Audio-Technica’s ATH-PRO7X headphones are the higher-end partner to the ATH-PRO5X. Ronan Macdonald puts them to the test.
At NAMM 2018, Audio Technica launched both the ATH-PRO7X headphones and the ATH-PRO5X, alongside various other bits of DJ gear – most notably, the AT-LP1240-USB XP direct-drive turntable. Despite being the flagship in its two-strong line, the ATH-PRO7X utilizes an on-ear design, while the ‘lesser’ ATH-PRO5Xs are over-ears. That’s unusual, because over-ears traditionally cost more than on-ears, and are generally seen as sonically superior thanks to their obviously greater level of isolation. However, in this case, Audio-Technica has upped the specification of the ATH-PRO7X in other impactful areas to counter that structural differentiation. Or at least, that’s the idea…
First, at 45mm, the drivers are significantly larger than their ATH-PRO5X 40mm counterparts. This should result in improved low-end response and more volume potential. Second,
Despite their nominal categorisation as DJ headphones, the ATH-PRO7Xs are also touted as suitable for studio monitoring and listening. All-rounders, then.
Design-wise, the ATH-PRO7Xs occupy their own space in the Audio-Technica catalogue, with a comparatively minimalist appearance and physicality. The wide metal headband is oddly reminiscent of Sony’s Playstation Platinum headphones more than anything, while the plastic earcups feature faux-leather cushions and pivot slightly to accommodate variability in head/ear shape. The headband doesn’t fold, but the whole arrangement is small enough for that not to be a significant problem, and overall, the portability (weight: 200g) and solidity of the ATH-PRO7Xs are unarguably impressive. Both coiled (3m) and straight (1.2m) detachable locking cables are included, too, along with a screw-on quarter-inch adaptor and a storage pouch.
The ATH-PRO7Xs are rated at 37 ohms, so – as you’d expect for headphones claiming so much versatility – a standalone preamp certainly isn’t required. I had no problems at all feeding them from my phone and laptop, as well as a Universal Audio Apollo audio interface.
The frequency response is quoted as 5-40,000Hz, and while the higher of those two numbers is effectively meaningless to non-members of the animal kingdom, that extreme low-end extension – presumably a result of the big drivers – ensures about as much sub representation as you’re ever going to get from a pair of headphones. In terms of profile, they’re by no means neutral, but they’re not overwhelmingly coloured, either. Whether or not that writes them off as studio cans will depend on your spectral preferences – Audio-Technica’s ubiquitous ATH-m50Xs have a decidedly characterful curve, after all, and it doesn’t seem to have done them any harm. Let’s say they’re probably better suited to tracking than mixing, though.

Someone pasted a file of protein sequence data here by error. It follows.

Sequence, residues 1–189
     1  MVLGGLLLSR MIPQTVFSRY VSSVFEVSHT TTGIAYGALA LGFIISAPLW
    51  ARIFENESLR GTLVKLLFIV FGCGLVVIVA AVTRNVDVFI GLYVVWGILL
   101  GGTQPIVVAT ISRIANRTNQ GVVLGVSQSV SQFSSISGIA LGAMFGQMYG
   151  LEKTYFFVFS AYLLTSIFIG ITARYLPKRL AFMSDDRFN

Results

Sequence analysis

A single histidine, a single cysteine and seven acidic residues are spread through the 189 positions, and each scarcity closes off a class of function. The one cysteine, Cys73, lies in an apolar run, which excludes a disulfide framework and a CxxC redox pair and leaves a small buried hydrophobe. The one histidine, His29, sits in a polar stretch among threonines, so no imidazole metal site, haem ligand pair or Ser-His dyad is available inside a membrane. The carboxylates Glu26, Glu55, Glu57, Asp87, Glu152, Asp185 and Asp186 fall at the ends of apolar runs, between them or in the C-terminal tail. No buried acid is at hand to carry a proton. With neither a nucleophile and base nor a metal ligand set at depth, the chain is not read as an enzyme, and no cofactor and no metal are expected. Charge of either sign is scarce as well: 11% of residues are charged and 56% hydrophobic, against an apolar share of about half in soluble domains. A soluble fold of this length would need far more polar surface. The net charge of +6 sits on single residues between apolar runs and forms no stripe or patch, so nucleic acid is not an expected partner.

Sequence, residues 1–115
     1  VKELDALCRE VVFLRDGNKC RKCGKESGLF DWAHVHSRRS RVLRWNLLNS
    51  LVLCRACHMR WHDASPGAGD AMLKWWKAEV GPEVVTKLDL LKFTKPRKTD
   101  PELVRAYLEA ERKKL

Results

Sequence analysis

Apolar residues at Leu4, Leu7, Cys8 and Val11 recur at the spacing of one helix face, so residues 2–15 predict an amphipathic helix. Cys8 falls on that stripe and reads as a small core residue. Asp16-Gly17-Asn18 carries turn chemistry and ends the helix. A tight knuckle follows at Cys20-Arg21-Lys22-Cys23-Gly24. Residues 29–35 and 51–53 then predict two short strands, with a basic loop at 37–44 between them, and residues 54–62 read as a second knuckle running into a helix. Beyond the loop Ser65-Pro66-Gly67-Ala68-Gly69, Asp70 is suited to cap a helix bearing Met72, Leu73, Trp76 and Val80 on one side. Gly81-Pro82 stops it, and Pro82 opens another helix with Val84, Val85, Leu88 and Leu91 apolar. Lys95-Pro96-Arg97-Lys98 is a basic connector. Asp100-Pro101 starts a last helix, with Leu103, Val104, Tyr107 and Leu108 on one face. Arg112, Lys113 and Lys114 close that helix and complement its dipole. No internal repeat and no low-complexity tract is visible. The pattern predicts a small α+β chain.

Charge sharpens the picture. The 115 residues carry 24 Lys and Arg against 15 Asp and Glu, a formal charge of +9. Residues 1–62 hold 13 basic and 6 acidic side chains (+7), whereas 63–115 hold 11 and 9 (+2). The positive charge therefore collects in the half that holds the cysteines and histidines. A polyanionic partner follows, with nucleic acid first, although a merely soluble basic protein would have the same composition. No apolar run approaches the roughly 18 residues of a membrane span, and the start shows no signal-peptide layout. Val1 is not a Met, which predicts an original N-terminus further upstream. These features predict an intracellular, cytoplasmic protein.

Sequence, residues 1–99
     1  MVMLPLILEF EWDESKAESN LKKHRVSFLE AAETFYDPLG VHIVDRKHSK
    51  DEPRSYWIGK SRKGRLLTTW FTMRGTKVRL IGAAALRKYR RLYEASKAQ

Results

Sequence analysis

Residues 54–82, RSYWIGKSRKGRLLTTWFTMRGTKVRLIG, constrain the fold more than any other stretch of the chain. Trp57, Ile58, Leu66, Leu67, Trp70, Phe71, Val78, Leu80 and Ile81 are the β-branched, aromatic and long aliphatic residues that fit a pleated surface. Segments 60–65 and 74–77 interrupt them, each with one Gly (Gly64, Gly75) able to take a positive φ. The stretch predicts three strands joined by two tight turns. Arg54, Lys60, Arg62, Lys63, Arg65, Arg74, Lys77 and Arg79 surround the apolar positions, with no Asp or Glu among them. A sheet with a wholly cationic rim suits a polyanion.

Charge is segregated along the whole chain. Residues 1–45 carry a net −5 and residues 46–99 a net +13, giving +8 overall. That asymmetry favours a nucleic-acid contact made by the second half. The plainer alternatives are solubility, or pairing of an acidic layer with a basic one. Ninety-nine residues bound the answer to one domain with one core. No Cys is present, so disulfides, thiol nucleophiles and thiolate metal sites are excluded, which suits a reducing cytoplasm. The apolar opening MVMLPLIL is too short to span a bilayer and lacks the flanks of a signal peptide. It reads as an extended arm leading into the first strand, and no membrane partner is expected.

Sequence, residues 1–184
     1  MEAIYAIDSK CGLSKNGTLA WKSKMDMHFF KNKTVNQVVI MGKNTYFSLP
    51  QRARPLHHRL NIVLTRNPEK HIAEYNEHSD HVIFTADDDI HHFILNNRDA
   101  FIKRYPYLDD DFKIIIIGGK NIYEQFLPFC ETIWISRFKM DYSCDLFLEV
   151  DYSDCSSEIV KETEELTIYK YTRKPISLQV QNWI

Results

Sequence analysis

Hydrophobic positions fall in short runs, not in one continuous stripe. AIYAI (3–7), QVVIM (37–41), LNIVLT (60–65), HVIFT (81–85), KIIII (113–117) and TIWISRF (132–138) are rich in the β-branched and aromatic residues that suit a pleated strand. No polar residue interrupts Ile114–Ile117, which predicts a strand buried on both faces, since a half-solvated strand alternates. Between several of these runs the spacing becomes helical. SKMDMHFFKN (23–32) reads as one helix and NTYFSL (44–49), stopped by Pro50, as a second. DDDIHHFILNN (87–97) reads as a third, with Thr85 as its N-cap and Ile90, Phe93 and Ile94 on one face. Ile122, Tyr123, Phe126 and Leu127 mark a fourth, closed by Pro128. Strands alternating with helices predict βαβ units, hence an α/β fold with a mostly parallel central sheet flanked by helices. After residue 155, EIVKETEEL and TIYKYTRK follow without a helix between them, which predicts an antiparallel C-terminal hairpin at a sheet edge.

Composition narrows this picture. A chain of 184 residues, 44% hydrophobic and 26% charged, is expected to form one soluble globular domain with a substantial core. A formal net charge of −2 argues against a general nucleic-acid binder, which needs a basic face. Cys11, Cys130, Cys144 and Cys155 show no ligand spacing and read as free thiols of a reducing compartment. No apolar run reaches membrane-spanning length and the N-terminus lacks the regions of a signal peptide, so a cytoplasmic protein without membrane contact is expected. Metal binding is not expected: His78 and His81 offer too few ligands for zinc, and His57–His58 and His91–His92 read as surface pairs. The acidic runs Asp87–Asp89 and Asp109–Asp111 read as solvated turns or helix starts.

Anyway, for Djing and listening, the ATH-PRO7Xs are a hell of a lot of fun. Transients fly at your with confidence and enthusiasm, bass accuracy is very good indeed for a set of on-ears, and while the upper mids are a bit edgy at times, that kind of adds to the excitement. Perhaps the most remarkable thing about them, is their high-volume performance. There appears to be no upper limit to how loud they can go without distorting – or, to put it in more practical terms, your eardrums will most assuredly admit defeat before they do.
Aurally, then, all is well, but as someone who doesn’t normally get on too well with on-ears in the comfort department, my main concern was actually how much time it would
take for that inevitable nagging ache to make itself known in the ol’ pinnae. Happily, I can report that it was considerably longer than I expected – a good few hours, in fact. The pivoting earcups and their luxuriously soft pads, plus the equally squishy headband padding, make all the difference, it would seem, and the reduction in heat and sweat compared to my usual over-ears was mildly revelatory.
Audio-Technica has clearly hit upon another winning formula with the ATH-PRO7Xs. DJs, especially, will love the haemorrhage-inducing volume levels and up-front sound they put out, and although I’d hesitate to recommend them purely on their studio credentials, as a secondary role, they acquit themselves well enough in that realm to just about warrant the suggestive marketing. I wouldn’t be at all surprised to see these stylish, high-quality headphones becoming as frequent a sight in the DJ booth as the M50xs have in the studio live room.
The Final Word
Looking, feeling and sounding great, the ATH-PRO7Xs are easy to recommend to DJs in particular.
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